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Ed toward better measurement of what matters technology and specificity of goals and refocus them to build a generous fair and future prepared society By re calibrating our definition of value a world of scarcity can blossom into a world of abundanceHopeful but firmly grounded full of concrete examples and bursting with creativity This Could Be Our Future brilliantly dissects the world we live in and shows us a road map to the world we are capable of makin Yet another work tracing what's happened to us since the day we were cast out of the garden of eden some call it Reaganism some neoliberalism Strickler refers to Milton Friedman's article bringing financial maximization to the public's attention Since that day the well known curve showing that productivity continues to rise but wages stagnate Strickler thinks we can overcome the problem thru the power of platitudes Specifically he proposes what he calls Bentoism from the Japanese takeout lunch box which guides our decision making on 2 axes present future me us As feel good ideas go this ain't a bad one but I'm skeptical of results

Yancey Strickler À 3 summary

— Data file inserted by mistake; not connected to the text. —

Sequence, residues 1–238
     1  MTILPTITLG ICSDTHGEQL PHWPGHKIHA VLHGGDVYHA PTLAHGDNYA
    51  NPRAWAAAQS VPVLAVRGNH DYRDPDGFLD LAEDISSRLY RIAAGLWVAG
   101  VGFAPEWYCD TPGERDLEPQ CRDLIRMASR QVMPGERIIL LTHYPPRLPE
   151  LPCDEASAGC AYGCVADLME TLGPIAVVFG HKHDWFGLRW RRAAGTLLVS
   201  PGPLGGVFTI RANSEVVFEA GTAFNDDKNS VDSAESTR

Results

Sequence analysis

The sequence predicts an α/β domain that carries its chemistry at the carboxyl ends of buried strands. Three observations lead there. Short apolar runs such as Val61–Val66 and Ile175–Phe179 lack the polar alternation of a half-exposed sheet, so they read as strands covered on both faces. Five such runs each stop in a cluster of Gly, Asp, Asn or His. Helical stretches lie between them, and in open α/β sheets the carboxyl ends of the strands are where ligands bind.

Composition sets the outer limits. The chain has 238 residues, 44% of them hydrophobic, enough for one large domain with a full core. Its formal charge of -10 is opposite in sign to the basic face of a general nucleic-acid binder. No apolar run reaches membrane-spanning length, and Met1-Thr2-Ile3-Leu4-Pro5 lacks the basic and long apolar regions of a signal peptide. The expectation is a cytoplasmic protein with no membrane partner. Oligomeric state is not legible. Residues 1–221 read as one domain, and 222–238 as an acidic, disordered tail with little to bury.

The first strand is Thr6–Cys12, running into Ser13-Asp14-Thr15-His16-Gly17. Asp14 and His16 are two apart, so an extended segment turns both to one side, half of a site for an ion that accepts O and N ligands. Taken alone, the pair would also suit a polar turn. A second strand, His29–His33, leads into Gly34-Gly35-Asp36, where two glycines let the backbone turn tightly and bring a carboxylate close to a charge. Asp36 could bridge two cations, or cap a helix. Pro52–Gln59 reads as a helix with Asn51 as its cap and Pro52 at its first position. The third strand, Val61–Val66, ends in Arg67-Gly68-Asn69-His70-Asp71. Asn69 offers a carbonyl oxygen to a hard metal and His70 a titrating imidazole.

Something newIn this bold powerful book Yancey Strickler – co founder of Kickstarter – lays out an inspiring vision for a new world we have the power to create and how we can change course While the pursuit of wealth has produced innovation and prosperity it's also produced dire conseuences environmental collapse corruption exploitation and unhappiness around the world We don't have to get rid of money entirely though we can co opt the tools we have us It pains me slightly to give this book a negative review because I think his diagnosis is basically correct He argues that since the late 1970s basically in response to Milton Friedman's 1970 New York Times article about maximizing shareholder value American life has had only a single value financial maximization to the detriment of all of us He argues that though it won't be easy or uick we can and should start working to change thatThe book is broken into two parts first he tries to convince you that financial maximization is the root of many problems plaguing us today; then he offers his plan for action on how to ensure 30 years from now the year 2050 looks very differentBoth parts are weak and unconvincing Heck I agree with him and I still thought that I can only imagine all the positive reviews are due to mood affiliation They think the underlying idea is correct and are rating the book based on that rather than the merits and flaws of the book itselfIn the first part Strickler tries to convince you that his diagnosis is correct But it is facile and unconvincing He brings up a baker's dozen of flaws in the modern economy and implies that they are due to financial maximization rather than making direct arguments In some cases as when he talks about the consolidation of radio stations and the subseuent loss of music diversity it is clearer to see the link he's suggesting But in others it remains uite murky Tax deductions on shopping centers? Falling entrepreneurship rates? Recycling? The rise of credit card debt? Stock buy backs?Strickler specifically calls his book a manifesto so it isn't entirely fair to judge it against detailed and serious books But all of these topics are well trod Heck one of Karl Marx's critiues of capitalism was that it would inevitably result in having a single value money Other books that do a better job of exploring aspects of this are The Shareholder Value Myth How Putting Shareholders First Harms Investors Corporations and the Public This Life Secular Faith and Spiritual Freedom The Myth of Capitalism Monopolies and the Death of Competition The Economists' Hour False Prophets Free Markets and the Fracture of Society and Transaction Man The Rise of the Deal and the Decline of the American DreamPart of the problem is that Strickler never makes a good distinction between businesses and individuals; most of the book focuses on faceless businesses but then how do the steps I can take have any realistic impact? and usually ignores the contributions of individual people He talks about how when Wal Mart enters a town 85% of the business comes from existing local businesses But that's entirely the fault of individual people not Wal Mart Individual people are saying paying lower prices is important than living in a diverse neighborhood But Strickler never mentions this obvious pointNot making this distinction between business and private is what also undermines the second half of the book What are we supposed about it? This is the make or break section of the book and it just doesn't really deliver He suggests that when we're faced with a decision we should do a kind of variation of the SWOT analysis Except he calls it Bentoism like a bento box There are four uadrants Now Me Now Us Future Me and Future Us He argues that financial maximization focuses solely on New Me a dubious claim that he doesn't even really argue for By thinking about other things other values will come to mind family friends institutions etc Andthat's it That is literally the only Call To Action he providesButdoes anyone really think the average family is guilty of financial maximization to any significant degree? Almost every family has children which can hardly be described as financial maximization Sure people do things that are focused on money at the expense of other things But how much of that is structural you need a car to get to work everywhere in America so you need a job that can pay for a car or a result of modern precariousness How much money do you need to be safe when you might be hit with a 50000 medical bill? Or be subject to age discrimination at age 50 and suddenly find yourself retired a decade before you can receive Social Security? Would you spend time with family and friends if your job didn't send you email at 10pm? If they didn't change your shift schedule every week?Throughout the entire book the only examples of non businesses living with values areTaylor Swift and Adele It is hardly a compelling argument It is just very unclear to me what normal people can do I don't think we're actually helpless despite what you think ignoring that 10pm e mail probably won't get you fired but I don't think Strickler gives many useful tools to find our way out of the world we currently live in